In another whopping example of large real estate owners seeking to capitalize on current market conditions by unloading top-shelf inventory, Boston Properties has reportedly sold its 23-story office building at 125 West 55th Street for $470 million to J.P. Morgan Asset Management.
The deal follows a string of other Class A building sales this year – 550 Madison Avenue, 30 Rockefeller Plaza, 237 Park Avenue and 75 Rockefeller Plaza – which accounted for $3.8 billion of the city’s first quarter dollar volume and created a 46% year-over-year jump, according to data from Avison Young.
Following RXR Realty’s $700 million acquisition of 450 Lexington Avenue last year, six of the firm’s top executives met with sellers Daniel Saliba and Mark Troy of Istithmar World Capital for a closing dinner at Lavo, the Italian restaurant on Manhattan’s East Side.
A round of toasts that evening, most agreed, was in stark contrast Read More
Scott Rechler’s RXR Realty has signed a 99-year triple-net lease at British department store tycoon Mohamed Al Faye’s 75 Rockefeller Plaza in Midtown Manhattan, where it plans to undertake a major capital improvement to reposition the building.
The 33-story building will be fully vacated by Time Warner Cable in 2014, leaving behind roughly 630,000 square feet of rentable area, and the renovations will include a new lobby and a restoration of its landmarked, classic limestone façade, executives at RXR said.
Built by the Rockefeller family in the 1930s, Rockefeller Center is one of the largest commercial real estate developments to be built in the past century. Initially spanning approximately two dozen buildings, 22 acres and over 8,000,000 square feet, the district has further expanded in recent years to include a few dozen additional buildings along the Sixth Avenue corridor.
“There has also been a significant slowdown of leasing along the Sixth Avenue corridor, particularly Class A leasing, where leasing in the first half of 2012 was about half the long-term average,” said Melissa Bazar, an executive director at Cushman & Wakefield. “Since the Sixth Avenue corridor is dominated by large corporate users and financial firms, we expect leasing to remain sluggish through the balance of 2012, below the long-term average.”
Inventory has increased from 9.3 percent to 10.5 percent this past year, according to Cushman & Wakefield’s third-quarter report.
Facing an impending lease expiration at 75 Rockefeller Plaza, Warner Music is in the market exploring its options, sources say, including a potential consolidation into 1290 Avenue of the Americas where its label Atlantic Records already has offices.
RXR Realty has moved into the lead in an auction to take control of 75 Rockefeller Plaza several sources familiar with the bidding told The Commercial Observer.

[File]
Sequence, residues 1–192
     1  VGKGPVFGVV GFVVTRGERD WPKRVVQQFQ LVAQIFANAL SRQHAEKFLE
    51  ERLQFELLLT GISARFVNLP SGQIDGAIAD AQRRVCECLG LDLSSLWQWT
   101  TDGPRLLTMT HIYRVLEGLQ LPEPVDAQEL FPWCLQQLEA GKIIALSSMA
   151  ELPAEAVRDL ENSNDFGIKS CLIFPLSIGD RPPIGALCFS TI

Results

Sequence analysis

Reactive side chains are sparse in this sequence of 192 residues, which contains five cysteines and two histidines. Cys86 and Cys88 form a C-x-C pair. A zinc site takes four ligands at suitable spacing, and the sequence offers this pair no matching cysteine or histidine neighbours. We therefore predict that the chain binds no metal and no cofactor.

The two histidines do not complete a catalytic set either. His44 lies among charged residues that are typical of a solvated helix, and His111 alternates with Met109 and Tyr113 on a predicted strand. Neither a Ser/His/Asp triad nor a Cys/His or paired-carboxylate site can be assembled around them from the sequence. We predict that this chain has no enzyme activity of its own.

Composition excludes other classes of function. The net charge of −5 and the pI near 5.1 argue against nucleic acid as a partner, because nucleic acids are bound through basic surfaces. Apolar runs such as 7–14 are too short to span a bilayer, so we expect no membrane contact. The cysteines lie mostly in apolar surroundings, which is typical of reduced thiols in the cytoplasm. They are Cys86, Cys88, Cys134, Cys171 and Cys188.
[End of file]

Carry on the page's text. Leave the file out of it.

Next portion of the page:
A source who had participated in the bid for the tower told The CO that the price of the deal, which is being structured as a leasehold, had moved to around $17 million per year in the latter rounds of the auction – though it could not be immediately confirmed whether RXR had agreed to pay this price or if the company had advanced to the point where it would close on the deal.
Investment Sales 2012
George Comfort & Sons is in talks to buy 75 Rockefeller Plaza, several sources with direct knowledge of the deal told The Commercial Observer.
The price nor the structure of the transaction was immediately available. The billionaire Mohamed Al Fayed, a former owner of the Britain-based department store company House of Frasier, owns the 600,000-square-foot tower and when he put the property on the market at the beginning of the year had wanted to arrange the sale as a leasehold interest.
On the Market
The investment sales market, most brokers agree, has been heating up over the past 12 months. Approximately $25.8 billion in commercial properties changed hands last year, a turnaround that represented an 88 percent increase over 2010. But while the positive uptick is easily verifiable, what happens next for Manhattan’s investment sales market is still up in the air.
Accordingly, The Commercial Observer set out to speak with the real estate industry’s most accomplished capital markets and sales practitioners to learn what’s in store for 2012. Over the next several days, we’ll post interviews with heavy hitters like Darcy Stacom and William Shanahan of CBRE, J.D. Parker of Marcus & Millichap, Woody Heller of Studley and Peter Hausperg of Eastern Consolidated. But, first, after the jump, none other than Richard Baxter of Jones Lang LaSalle.
The real estate investor and British department store tycoon Mohamed Al Fayed is exploring a sale of the Manhattan office tower 75 Rockefeller Plaza.
According to executives who have been briefed on the offering, Mr. Al Fayed is aiming to negotiate a leasehold of the property in which he would continue to own the land under the 600,000-square-foot building and collect rent but put control of the asset in the hands of an investor.